Vaccination is a way of protecting you against harmful diseases, before you come into contact with them. It uses your body’s natural defences to build resistance to specific infections and makes your immune system stronger. Vaccines train your immune system to create antibodies, just as it does when it’s exposed to a disease. However, because vaccines contain only killed or weakened forms of germs like viruses or bacteria, they do not cause the disease. When you get a vaccine, your immune system responds. It recognises the invading germ, such as the virus or bacteria, produces antibodies (proteins produced naturally by the immune system to fight disease) and remembers the disease and how to fight it. If you are then exposed to the germ in the future, your immune system can quickly destroy it before you become unwell.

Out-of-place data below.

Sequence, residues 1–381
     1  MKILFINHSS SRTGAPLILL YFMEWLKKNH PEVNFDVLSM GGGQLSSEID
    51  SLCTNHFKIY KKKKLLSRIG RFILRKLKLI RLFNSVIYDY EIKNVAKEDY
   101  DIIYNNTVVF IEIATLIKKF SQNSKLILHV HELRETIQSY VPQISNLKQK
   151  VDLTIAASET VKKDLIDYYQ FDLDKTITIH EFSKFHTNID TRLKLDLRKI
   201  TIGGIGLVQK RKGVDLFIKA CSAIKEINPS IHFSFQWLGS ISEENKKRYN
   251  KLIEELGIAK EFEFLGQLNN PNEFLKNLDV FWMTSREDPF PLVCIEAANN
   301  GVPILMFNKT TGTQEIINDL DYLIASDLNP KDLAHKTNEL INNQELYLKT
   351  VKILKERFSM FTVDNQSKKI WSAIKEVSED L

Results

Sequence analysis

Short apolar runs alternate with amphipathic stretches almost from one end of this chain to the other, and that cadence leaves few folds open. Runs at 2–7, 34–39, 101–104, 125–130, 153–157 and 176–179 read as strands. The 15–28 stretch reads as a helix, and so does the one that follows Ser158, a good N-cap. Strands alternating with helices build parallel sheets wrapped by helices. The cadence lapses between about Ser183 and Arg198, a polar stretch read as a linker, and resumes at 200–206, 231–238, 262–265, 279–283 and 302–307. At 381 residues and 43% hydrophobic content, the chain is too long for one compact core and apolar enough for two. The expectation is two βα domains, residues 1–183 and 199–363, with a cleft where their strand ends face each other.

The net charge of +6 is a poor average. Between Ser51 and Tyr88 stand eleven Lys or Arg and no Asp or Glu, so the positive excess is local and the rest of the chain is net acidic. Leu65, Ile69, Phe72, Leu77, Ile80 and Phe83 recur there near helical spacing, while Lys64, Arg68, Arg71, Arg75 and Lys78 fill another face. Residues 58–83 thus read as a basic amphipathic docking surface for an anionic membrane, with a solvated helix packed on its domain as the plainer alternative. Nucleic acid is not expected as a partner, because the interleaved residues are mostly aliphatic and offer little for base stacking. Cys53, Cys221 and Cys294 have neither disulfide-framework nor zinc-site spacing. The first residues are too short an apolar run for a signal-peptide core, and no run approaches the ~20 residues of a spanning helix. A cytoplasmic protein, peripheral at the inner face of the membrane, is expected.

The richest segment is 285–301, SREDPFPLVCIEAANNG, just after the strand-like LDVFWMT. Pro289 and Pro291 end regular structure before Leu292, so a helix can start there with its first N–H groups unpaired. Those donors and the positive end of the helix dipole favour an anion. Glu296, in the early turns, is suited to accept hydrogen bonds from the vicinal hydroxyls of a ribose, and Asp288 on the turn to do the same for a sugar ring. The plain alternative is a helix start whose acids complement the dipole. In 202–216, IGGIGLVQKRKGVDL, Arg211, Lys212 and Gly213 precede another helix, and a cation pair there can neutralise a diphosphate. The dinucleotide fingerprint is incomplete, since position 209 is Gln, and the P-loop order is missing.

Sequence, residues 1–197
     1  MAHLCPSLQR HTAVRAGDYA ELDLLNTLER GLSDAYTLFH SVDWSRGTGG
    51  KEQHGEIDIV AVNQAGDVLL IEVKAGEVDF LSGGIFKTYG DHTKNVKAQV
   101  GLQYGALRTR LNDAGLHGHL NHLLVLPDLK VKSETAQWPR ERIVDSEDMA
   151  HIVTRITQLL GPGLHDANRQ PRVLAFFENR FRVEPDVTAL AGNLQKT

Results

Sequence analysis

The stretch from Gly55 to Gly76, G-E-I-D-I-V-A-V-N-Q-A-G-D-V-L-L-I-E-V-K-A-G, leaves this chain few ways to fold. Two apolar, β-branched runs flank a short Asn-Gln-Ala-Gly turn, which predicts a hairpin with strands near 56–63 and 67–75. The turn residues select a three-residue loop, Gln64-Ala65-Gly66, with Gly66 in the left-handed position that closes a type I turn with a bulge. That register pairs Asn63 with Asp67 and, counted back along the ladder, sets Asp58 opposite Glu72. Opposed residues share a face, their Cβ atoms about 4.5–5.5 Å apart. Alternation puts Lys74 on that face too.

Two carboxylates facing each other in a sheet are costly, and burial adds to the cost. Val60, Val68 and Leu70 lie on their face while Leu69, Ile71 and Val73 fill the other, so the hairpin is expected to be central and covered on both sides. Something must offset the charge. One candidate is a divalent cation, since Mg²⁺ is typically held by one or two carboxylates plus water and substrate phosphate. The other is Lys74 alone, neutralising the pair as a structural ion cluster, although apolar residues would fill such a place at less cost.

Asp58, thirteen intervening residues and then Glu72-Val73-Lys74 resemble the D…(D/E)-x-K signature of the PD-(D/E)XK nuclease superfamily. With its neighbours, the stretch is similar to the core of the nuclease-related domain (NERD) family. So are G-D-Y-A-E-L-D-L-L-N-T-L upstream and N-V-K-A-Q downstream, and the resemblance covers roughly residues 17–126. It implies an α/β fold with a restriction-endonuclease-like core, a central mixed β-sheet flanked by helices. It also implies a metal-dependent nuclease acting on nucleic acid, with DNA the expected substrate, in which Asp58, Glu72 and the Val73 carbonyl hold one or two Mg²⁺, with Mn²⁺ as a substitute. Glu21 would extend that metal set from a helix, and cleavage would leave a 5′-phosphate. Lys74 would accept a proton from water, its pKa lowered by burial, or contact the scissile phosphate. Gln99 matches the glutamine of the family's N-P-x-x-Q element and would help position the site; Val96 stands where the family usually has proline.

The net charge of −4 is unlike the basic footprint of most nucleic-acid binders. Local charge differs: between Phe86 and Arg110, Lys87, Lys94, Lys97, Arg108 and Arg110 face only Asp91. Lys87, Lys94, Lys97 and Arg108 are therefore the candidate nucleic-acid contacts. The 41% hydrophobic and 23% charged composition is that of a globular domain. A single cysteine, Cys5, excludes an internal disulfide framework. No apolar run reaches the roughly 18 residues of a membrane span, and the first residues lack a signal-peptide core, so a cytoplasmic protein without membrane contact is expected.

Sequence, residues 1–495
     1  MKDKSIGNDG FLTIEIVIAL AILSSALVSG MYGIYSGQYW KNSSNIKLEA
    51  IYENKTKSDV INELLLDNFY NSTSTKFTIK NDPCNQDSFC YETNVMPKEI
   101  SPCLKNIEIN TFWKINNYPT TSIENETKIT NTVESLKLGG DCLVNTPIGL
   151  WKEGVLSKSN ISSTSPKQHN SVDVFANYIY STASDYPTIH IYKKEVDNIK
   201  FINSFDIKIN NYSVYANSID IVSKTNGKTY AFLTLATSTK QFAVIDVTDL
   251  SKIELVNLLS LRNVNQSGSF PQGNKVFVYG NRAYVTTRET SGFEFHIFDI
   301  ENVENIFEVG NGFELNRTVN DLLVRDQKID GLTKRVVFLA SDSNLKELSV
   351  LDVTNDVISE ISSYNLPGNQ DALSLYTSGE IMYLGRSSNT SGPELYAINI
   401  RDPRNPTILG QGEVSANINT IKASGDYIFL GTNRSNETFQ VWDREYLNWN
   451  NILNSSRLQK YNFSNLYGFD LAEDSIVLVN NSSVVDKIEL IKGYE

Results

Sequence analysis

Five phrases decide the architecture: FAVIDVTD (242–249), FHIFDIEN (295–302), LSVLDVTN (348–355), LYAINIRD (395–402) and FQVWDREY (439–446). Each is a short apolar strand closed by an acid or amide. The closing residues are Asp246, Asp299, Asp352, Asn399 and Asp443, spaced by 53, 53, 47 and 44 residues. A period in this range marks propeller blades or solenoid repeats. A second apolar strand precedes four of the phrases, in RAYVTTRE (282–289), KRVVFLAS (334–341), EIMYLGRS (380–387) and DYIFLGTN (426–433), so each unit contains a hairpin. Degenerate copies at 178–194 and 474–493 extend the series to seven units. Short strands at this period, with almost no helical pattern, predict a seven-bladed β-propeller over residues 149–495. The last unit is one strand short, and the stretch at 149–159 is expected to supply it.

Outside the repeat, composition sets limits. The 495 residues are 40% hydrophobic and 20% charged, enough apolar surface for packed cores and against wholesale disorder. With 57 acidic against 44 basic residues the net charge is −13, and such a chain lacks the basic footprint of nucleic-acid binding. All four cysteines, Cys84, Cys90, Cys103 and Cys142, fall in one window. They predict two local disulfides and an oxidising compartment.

However, vaccinations can, sometimes, have down sides. In this section I analyse the research and look at the risk/benefit as well as other aspects of many different types of vaccinations programmes.